The modal auxiliary would (negative would not, which is
often contracted to wouldn’t) has several uses. One of them
is in making a kind of “artificial past” for will in indirect
(reported) speech. Another is in making polite requests.
Would is also commonly used in the expression would like.
This expression (which is often contracted to ‘d like with
pronouns) does not mean “like.” Instead, it means want
(though it is “softer,” less direct, and much more polite).
I want more coffee. (very direct)
Do you want to come with us? (very direct)
Mr. Jones wants to say something. (very direct)
Sentences with Would Like
I’d like some more coffee. (less direct, more polite)
Would you like to come with us? (less direct, more polite)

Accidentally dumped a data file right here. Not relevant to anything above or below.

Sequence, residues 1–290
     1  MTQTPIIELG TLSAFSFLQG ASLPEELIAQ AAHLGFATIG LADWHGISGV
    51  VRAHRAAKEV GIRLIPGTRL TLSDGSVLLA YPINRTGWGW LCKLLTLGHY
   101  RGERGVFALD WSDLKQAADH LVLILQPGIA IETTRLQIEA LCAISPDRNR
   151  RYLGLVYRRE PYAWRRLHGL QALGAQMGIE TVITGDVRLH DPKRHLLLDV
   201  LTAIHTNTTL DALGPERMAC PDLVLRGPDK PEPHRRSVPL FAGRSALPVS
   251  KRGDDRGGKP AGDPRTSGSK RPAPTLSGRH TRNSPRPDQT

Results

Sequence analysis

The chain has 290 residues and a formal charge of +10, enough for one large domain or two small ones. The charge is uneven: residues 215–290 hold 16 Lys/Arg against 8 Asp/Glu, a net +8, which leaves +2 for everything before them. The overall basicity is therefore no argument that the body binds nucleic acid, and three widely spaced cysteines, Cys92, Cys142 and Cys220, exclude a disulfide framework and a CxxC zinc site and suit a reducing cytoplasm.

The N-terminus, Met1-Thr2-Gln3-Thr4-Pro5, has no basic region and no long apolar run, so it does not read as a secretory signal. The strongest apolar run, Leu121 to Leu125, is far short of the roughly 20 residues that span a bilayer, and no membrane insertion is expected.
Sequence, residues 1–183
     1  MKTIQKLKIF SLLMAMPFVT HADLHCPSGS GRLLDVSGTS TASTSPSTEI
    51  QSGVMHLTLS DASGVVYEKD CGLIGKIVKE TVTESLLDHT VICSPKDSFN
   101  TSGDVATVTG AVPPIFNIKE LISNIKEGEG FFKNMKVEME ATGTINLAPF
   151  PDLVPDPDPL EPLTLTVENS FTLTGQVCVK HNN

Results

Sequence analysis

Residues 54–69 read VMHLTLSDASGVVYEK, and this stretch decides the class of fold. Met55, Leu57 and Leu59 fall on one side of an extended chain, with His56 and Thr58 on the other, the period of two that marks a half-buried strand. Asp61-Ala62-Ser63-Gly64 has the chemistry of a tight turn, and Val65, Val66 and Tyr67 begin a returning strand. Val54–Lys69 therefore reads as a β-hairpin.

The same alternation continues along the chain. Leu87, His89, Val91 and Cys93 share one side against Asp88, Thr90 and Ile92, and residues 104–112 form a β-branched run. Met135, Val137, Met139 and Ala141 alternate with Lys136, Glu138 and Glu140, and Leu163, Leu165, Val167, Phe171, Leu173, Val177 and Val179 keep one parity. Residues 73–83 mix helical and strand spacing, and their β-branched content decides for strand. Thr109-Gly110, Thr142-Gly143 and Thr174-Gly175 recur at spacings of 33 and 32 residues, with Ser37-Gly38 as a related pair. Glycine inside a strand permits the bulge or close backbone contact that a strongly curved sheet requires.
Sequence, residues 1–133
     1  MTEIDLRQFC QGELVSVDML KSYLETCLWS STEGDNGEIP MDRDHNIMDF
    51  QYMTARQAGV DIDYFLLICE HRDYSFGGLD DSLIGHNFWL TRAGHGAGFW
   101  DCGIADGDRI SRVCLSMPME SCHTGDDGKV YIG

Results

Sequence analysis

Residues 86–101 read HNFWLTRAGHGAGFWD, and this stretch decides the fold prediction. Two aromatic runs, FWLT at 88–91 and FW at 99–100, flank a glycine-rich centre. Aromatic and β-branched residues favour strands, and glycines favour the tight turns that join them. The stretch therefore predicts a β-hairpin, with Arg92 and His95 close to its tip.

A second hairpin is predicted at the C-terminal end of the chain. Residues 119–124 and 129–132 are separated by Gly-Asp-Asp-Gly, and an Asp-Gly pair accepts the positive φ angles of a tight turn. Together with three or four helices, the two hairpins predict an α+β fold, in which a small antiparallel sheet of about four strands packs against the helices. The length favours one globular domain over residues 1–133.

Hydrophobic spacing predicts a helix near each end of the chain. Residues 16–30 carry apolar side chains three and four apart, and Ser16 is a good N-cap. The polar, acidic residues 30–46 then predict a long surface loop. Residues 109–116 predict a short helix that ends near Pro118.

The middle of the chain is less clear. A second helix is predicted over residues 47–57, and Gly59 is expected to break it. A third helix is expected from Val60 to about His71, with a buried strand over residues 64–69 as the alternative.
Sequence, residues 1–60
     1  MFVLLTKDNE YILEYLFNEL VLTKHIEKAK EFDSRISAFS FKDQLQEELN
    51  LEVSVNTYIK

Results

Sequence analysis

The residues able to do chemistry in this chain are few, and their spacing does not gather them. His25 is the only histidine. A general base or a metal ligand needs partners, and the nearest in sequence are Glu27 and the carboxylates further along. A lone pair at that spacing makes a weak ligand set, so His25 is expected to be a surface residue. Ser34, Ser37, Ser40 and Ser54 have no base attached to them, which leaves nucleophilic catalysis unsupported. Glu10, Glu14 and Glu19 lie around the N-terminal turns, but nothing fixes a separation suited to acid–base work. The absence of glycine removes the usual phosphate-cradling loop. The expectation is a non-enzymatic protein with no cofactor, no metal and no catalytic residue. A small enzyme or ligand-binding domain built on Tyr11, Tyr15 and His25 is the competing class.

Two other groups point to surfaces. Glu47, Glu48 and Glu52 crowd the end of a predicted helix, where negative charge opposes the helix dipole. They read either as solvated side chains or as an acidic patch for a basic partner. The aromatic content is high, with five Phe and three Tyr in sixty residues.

Mr. Jones would like to say something. (less direct, more polite)
1. When would like is contracted to ‘d like (I’d like, you’d like, she’d like, etc.), the contraction for would is very difficult to hear.
2. In very casual speech, the end of would often combines with the beginning of you to make a new sound. As a result, Would you sounds
something like “Wouldja”:
Wouldja like some coffee? (Would you like some coffee?)
Wouldja like to dance? (Would you like to dance?)
Wouldja like something to eat? ( Would you like something to eat?)
Wouldja is a spoken form, not a standard written form. In writing, it is not acceptable.
3. In very casual speech, both would and you are sometimes omitted entirely in questions:
Like some coffee? (Would you like some coffee?)
Like to dance? (Would you like to dance?)
Like something to eat? (Would you like something to eat?)
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